23 November, 2006

Child Abuse 2: the individual and family cost.

Previously I identified three areas of concern arising from Professor David Southall's research related to Munchausen Syndrome By Proxy (MSBP). I have since refined those areas into three sub-categories within the over-arching theme of structural reform of child protection policies in the UK: medical research; individual and family; and statutory, (legal system,police and social services). Of course, the distinctions are often blurred and, as in all such ideal type models, there is considerable over-lap, nonetheless it will serve to separate out the various strands sufficiently to allow a clearer picture to be drawn of a complex set of inter-locking issues.

Yesterday I dealt with the medical research strand, outlining David Southall's work and briefly placing it in the context of MSBP. This post moves on to draw attention to the effect of false allegations of child abuse on individuals and their families. On 16 November 2006, John Hemming made a speech in the House of Commons in which he drew attention to devastating effects that erroneous allegations of child abuse can have on individuals and their families.

Professionals have avoided scrutiny through secrecy and continually made errors that would have been picked up had matters been considered in public. It is very clear that too many children are taken into care and there are a number of reasons for it. There is the simple failure of the system where the system gets the facts wrong.
In this respect, Hemming drew attention to the cases of Gina and Tim Williams, and Mark and Nicola Webster.

Even accepting as Hemming says, that these "two cases came about from the actions of almost certainly well motivated physicians", it raises deep concerns about the operation of a system which imposes such unnecessary suffering on individuals. Clearly the system needs to be reviewed but structural reform of the Social Services is a subject for another post.

Hemming then moves on to less than well motivated doctors, including the case of Ben Hollisey McLean (scroll down to 2nd post, by Penny Mellor). In perhaps the most disturbing passage of the speech, Hemming continues,
There are also cases such as that of Ben Hollisey McLean, in which the threat of child protection proceedings was used to force him into dangerous medical research. I have evidence of the threat of child protection proceedings being used to silence parents. Indeed, parents have been forced to admit that they harmed their children—when they did not—simply to keep them. When parents are caught in the Catch-22 world of social services it is one of the most pernicious and invidious aspects of the system, and it provides a reason why it is difficult to get clear understanding from the research.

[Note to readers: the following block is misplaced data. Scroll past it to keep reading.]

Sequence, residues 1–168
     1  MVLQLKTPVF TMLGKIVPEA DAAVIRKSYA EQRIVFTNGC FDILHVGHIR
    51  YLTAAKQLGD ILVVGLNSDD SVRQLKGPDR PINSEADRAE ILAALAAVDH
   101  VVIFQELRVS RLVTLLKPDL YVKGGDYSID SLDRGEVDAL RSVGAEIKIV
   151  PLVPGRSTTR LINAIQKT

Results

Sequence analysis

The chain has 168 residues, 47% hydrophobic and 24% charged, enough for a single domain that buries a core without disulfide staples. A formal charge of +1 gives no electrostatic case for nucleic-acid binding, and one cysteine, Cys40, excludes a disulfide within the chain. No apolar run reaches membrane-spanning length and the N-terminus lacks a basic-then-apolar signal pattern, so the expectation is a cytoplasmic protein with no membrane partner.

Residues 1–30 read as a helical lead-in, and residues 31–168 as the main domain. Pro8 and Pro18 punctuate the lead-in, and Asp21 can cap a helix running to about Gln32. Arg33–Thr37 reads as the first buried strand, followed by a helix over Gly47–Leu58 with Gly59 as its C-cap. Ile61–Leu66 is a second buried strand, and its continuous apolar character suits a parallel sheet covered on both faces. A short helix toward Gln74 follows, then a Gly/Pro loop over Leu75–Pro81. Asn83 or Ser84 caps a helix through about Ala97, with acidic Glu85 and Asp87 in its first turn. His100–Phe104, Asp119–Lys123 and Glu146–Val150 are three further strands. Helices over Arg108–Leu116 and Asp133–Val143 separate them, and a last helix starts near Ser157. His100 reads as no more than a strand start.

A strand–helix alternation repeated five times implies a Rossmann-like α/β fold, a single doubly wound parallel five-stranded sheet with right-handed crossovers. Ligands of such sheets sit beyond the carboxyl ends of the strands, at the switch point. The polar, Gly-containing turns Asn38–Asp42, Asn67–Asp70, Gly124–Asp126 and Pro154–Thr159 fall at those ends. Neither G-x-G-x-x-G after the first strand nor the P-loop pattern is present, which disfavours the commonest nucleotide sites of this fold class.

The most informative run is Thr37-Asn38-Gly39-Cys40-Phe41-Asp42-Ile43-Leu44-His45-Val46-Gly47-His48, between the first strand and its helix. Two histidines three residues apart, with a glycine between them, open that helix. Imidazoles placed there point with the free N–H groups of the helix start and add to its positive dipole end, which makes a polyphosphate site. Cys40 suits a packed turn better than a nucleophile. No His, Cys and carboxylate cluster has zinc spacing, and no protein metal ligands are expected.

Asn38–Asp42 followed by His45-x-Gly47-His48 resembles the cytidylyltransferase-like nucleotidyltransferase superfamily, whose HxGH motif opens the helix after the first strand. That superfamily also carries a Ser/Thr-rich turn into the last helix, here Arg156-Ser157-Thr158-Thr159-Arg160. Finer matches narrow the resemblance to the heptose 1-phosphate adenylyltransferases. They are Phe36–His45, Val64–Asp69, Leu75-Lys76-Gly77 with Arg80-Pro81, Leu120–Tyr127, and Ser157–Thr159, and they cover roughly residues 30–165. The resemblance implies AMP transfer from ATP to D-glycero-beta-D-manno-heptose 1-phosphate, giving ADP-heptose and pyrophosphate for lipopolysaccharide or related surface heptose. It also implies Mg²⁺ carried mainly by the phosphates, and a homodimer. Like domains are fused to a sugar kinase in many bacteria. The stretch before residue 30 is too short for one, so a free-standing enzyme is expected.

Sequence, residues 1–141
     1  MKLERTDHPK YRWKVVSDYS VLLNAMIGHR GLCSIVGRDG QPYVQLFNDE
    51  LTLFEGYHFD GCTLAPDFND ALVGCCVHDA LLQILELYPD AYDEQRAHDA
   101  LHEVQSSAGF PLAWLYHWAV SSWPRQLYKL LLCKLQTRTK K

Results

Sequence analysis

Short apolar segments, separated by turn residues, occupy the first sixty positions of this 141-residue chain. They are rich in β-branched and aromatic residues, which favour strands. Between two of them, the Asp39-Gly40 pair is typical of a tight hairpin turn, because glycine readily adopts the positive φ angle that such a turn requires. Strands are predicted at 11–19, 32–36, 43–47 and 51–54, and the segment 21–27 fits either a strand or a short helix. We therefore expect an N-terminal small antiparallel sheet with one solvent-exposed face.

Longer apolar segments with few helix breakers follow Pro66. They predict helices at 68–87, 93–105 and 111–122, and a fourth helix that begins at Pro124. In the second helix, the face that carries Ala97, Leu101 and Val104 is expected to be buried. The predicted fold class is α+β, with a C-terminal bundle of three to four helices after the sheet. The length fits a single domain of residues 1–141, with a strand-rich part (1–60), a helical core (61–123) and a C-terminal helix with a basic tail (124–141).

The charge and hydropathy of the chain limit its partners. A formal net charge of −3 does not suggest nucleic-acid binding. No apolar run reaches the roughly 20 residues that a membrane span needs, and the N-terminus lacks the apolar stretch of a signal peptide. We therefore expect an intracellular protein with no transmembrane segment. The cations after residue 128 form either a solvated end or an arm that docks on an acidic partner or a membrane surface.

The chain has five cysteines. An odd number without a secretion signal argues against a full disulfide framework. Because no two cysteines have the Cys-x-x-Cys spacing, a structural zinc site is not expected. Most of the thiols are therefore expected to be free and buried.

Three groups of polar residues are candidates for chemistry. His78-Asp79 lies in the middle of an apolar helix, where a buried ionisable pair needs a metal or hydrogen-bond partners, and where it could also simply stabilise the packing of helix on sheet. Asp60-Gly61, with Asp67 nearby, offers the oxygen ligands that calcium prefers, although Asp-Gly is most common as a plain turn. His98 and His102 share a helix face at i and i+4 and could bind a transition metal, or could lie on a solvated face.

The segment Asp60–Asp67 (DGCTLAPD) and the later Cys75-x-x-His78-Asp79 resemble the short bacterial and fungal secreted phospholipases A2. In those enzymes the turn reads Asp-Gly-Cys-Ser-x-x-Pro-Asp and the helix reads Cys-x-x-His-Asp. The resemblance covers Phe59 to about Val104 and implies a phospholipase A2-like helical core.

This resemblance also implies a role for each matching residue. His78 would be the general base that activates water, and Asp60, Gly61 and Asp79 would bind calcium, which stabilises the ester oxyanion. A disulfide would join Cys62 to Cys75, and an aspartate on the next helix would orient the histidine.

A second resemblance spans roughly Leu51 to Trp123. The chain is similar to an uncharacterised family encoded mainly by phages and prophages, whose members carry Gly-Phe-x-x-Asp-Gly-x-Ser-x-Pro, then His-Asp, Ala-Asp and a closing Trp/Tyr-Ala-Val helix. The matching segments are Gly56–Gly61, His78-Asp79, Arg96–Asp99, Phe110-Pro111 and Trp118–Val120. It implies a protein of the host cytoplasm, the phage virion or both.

Roy Meadow, who followed in the tradition of Matthew Hopkins, and David Southall, who shared that ancestry and that of Joseph Mengele combined, should have to account for the misery that they caused. Even if their motivations were good, the consequences will hang over many people’s lives for decades. The witch hunts, where mothers are alleged to have killed their children and are then required to prove their innocence against unfounded medical opinion, need to stop now. That does not require a change to the law, but it does require a change to procedure.
Something has obviously gone badly wrong is a system which treats individuals in such an appalling way and destroys their lives and their families. Lemming concludes that,
We clearly need to separate out the child protection function from the supportive function of social services—under “Every Child Matters” it is being reorganised slightly anyway—and link child protection to the police rather than the local authority. The police are generally much better at handling such issues.
Which leads on to the legal aspect of the problem which I shall address at a later date. The above is by no means a full outline of John Hemming's speech. Given the constraints of length, here I have drawn attention only to certain passages selected because they help illustrate the effects false, or mis-, diagnosis of child abuse can have on individuals and their families. Many other examples of the individual consequences of the system's failures could be given, even from Hemming's speech, such as Yvonne and Tammy Cooper, Victoria ClimbiƩ and some not named. Indeed, the cases referred to here are only illustrative the tip of the iceberg.

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